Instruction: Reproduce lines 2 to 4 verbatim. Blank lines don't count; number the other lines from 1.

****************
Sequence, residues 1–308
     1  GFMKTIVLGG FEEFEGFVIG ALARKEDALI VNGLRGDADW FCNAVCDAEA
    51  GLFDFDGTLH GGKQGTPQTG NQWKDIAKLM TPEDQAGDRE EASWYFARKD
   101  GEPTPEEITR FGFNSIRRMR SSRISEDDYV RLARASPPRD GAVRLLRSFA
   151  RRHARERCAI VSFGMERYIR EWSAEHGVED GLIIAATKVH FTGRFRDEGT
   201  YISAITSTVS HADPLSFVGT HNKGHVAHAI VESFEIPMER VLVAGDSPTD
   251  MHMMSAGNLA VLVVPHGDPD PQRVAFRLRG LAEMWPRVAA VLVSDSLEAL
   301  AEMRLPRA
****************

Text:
     1  GFMKTIVLGG FEEFEGFVIG ALARKEDALI VNGLRGDADW FCNAVCDAEA
    51  GLFDFDGTLH GGKQGTPQTG NQWKDIAKLM TPEDQAGDRE EASWYFARKD
   101  GEPTPEEITR FGFNSIRRMR SSRISEDDYV RLARASPPRD GAVRLLRSFA